One of SD WANs chief features is the ability to manage multiple connections from MPLS to broadband to LTE from a single interface. This feature makes the AP more flexible and adaptable to customer requirements. It helps to increase the number of possible IP networks available for MPLS and MPLS switch traffic to better manage local access networks that could be used for overlapping traffic streams in another router or for various segments of the network, so if you want to learn more about how SD Wans work, you can also go to https://www.fortinet.com/resources/cyberglossary/sd-wan-explained to find the right information for this.
The maximum transfer rate between the device on the MPLS link and the broadband router is determined by the state of MPLS on the MPLS link. The same limits apply for MPLS and the broadband router.
This feature supports multi-homing for MPLS and MPLS switch traffic.
For Broadband connection the maximum IP link speed is 1 Gbps. For Broadband Link Rate 1 Gbps (500Mbps) the maximum link rate is 10 Mbps, for Broadband Link Rate 1 Gbps (1000Mbps) the maximum link rate is 25 Mbps.
The maximum IP link speed is determined by the state of MPLS on the MPLS link. The same limits apply for MPLS and the broadband router.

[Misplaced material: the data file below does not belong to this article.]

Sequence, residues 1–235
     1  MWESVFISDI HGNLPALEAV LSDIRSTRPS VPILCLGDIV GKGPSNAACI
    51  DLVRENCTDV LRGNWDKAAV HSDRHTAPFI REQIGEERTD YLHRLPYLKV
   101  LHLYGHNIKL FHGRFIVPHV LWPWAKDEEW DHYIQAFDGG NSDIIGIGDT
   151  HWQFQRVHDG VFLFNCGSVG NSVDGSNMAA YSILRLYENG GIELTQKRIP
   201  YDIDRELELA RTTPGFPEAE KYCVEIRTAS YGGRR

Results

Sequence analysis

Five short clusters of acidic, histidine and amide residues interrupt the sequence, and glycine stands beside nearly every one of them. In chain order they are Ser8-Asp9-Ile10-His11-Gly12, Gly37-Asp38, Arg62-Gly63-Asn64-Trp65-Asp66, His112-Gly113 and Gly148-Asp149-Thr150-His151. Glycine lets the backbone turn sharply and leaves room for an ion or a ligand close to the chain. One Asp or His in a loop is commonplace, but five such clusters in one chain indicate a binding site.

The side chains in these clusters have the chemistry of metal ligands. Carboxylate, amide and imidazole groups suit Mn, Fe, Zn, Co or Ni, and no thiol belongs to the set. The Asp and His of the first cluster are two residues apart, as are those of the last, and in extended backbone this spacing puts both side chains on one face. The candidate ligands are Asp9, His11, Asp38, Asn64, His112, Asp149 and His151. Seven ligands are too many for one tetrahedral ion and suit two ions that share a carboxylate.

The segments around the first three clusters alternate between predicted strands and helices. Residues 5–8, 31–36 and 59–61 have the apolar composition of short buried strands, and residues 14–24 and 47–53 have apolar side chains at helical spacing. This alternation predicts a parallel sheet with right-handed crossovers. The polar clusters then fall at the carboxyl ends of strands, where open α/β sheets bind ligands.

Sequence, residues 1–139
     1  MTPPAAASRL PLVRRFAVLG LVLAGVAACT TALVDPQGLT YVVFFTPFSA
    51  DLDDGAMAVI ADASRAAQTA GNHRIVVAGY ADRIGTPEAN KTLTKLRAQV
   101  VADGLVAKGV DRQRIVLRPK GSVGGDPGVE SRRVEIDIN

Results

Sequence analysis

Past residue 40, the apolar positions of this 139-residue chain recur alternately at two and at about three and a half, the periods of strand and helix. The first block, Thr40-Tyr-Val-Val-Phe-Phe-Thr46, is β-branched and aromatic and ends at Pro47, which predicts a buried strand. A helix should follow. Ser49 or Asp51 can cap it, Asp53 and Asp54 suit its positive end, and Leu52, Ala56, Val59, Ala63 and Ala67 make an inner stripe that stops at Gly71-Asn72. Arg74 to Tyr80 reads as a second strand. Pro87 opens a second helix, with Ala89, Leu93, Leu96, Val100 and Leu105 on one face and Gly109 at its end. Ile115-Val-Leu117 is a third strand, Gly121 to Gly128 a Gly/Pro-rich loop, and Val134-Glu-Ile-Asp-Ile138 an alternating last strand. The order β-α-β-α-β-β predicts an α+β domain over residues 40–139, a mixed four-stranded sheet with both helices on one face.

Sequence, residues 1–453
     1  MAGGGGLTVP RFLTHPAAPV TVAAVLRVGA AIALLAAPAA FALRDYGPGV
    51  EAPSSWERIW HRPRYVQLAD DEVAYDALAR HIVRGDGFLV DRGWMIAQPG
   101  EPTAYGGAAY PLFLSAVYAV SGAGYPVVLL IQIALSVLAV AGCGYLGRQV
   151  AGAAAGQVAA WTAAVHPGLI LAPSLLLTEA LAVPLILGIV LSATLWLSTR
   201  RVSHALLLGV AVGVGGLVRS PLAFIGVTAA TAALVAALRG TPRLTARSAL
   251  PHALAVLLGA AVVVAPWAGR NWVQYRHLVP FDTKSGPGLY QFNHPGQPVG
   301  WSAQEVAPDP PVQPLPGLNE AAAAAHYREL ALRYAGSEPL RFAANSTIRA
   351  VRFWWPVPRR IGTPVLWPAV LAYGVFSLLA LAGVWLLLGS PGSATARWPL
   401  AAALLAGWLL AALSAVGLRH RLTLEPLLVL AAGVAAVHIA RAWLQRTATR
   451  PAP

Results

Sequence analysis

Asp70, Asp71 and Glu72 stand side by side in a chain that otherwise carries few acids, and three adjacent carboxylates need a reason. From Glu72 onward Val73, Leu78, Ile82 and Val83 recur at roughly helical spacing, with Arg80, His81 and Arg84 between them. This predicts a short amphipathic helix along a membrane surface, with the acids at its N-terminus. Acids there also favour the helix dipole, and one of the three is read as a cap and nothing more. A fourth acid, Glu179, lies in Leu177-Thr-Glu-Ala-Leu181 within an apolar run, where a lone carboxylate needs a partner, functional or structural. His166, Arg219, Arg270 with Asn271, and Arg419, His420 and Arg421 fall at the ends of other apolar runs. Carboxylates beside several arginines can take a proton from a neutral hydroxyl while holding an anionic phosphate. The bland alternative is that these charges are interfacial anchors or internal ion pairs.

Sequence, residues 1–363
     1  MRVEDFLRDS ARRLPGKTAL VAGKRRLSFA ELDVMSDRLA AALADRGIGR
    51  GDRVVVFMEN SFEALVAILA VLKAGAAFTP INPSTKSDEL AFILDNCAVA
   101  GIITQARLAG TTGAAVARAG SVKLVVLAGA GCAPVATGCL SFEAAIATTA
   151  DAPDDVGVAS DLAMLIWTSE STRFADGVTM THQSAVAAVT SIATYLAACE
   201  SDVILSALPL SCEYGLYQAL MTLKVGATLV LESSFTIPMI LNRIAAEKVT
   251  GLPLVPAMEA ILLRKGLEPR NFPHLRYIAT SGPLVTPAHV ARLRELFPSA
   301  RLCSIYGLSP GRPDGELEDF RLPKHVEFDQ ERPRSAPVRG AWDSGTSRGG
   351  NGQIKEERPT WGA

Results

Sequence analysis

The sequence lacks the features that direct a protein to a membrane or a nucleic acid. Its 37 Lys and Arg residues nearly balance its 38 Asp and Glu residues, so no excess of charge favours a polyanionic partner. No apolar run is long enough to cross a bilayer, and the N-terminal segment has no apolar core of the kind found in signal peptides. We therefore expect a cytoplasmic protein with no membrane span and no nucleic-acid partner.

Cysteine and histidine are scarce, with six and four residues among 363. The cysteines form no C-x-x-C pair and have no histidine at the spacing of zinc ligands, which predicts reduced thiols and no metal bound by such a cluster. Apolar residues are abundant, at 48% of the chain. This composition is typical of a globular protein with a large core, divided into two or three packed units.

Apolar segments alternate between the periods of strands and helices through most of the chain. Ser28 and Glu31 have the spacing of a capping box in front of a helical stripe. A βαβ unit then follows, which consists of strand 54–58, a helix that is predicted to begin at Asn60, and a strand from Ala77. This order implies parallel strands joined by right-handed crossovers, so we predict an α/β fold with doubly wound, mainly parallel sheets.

3.1 MPLS v1.1 and v2.0 (Custom IP Control)
In MPLS v1.1 and v2.0, both the MPLS physical layer and the MPLS encapsulation layer are connected to the MPLS core routers. In this case, both physical layers and encapsulation layers can be deployed at the router level with different IP states. In addition, the v2.0 specification allows for more advanced MPLS features, like Multi-homing and NAT traversal. With the v2.0 protocol, MPLS link-state data was divided into groups of sub-microphone MPLS. MPLS v2.0 and v2.1 define some additional features, such as the Routing for MPLS gateway. However, the v2.0 and v2.1 MPLS versions are being phased out and is not recommended for MPLS deployment.
3.1.1 MPLS v1.1 and v2.0 Physical Layer
Three versions of MPLS physical layer are defined, which allow multiple different physical links to be deployed in a single interface. In these implementations, the physical layer is implemented as a subscriber-side protocol (SSP) that performs all the signaling, accounting, accounting data stores, and hardware encryption required for MPLS connections. The SSPs are:
V1 – Any devices can connect to this layer, including an application layer.
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